• Legal issue
    The main challenges of this case lie in determining whether or not the sale actually took place away from commercial premises, and thus determine whether it falls within the scope of application of Law 26/1991. Special mention must be made of the fact that the front of the contract document shows that the contract was signed at the domicile of the interested party after an appointment arranged with the latter, and the back page states that the contract does not avail itself of Law 26/1991 as provided in Article 1.7 c) of same. However, the court argued that this legislation could only be excluded if the criteria established in Article 1.7 c) (“the catalogue and contract must clearly mention the consumer’s right to freely cancel the contract within a specific period”) and in letters b) and c) of the same provision (“they are executed on the basis of a catalogue which the consumer has had the opportunity to consult in the absence of the entrepreneur or the person acting on the latter’s behalf, and the continued contact between the entrepreneur and the consumer is envisaged in relation to the present transaction or future transactions”) were satisfied. Since the Court considered that these situations had not occurred and that the contract had not been concluded at the defendant’s premises, it ruled that Law 26/1991 applied to the contract.

    Law 26/1991 is different to both the ordinary sale-purchase regime provided by the Civil Code and Law 20/1984, which deals with ordinary consumption. The revocation right does not exhaust the virtuality of the new Law, which protects consumers by also entitling them to take action to achieve nullity declarations (Article 4.1). Article 3 of the Law established the legal obligation to formalise written contracts away from commercial premises. Article 4 penalises the failure to comply with the aforementioned legal obligation by declaring the relative nullity of the contract in question. The seller is responsible for complying with the legal limitation contained in the aforementioned provision, which, as in any Law, is there to protect consumers.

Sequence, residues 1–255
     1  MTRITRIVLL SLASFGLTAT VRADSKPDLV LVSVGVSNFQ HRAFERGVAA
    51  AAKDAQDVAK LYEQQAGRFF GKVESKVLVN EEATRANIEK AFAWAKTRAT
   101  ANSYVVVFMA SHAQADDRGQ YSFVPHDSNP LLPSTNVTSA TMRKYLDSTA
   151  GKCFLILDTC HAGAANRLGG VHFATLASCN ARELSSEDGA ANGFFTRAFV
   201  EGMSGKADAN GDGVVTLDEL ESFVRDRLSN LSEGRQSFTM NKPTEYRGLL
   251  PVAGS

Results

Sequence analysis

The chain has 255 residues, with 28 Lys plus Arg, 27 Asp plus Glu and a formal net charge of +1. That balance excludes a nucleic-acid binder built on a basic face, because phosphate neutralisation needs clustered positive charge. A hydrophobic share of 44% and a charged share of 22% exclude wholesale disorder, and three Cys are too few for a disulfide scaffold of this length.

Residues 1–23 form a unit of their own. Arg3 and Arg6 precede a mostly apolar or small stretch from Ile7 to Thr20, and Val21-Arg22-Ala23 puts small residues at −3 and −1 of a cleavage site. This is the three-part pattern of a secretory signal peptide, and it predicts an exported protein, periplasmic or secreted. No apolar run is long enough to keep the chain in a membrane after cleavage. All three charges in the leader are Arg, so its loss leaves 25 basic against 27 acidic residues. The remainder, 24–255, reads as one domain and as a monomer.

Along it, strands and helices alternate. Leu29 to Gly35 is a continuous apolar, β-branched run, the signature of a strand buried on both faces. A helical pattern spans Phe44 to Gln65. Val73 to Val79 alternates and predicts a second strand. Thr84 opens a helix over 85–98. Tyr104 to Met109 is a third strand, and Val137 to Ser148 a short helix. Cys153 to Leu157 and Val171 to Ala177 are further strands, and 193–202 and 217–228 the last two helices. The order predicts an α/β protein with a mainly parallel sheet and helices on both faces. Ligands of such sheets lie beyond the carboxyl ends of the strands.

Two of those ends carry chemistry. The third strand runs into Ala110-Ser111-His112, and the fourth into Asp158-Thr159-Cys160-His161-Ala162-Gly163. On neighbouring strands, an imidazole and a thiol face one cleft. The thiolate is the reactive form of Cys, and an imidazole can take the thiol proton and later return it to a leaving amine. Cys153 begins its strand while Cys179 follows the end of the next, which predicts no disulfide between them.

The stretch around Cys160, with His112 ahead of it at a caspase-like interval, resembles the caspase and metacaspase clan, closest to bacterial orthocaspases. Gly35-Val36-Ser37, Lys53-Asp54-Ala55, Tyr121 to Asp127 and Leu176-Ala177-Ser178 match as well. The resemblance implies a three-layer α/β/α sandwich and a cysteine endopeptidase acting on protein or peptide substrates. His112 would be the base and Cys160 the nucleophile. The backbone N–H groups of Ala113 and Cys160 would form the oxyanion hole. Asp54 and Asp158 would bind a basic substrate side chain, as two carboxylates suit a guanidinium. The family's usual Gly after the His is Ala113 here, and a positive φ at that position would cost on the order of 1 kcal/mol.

In view of this gap in Spanish Law regarding the day on which the period for executing a revocation right must start, the court argued strongly in favour of this being the date of delivery of the purchased items. The judgement reviews the parliamentary debates on transposition. Consequently, Spanish legislation differs from the criteria established in the Directive (Articles 4 and 5) since the criteria establishing the dies a quo as the date of reception of information on the revocation right is not included in Spanish legislation.

    The Judge also considered that no accreditation had been provided to confirm delivery of the revocation form, and this would be grounds for declaring the nullity of the contract. Finally, the court does not accept that the consumer is guilty of unjust enrichment because the conditions stipulated in case law have not occurred in this case.
  • Decision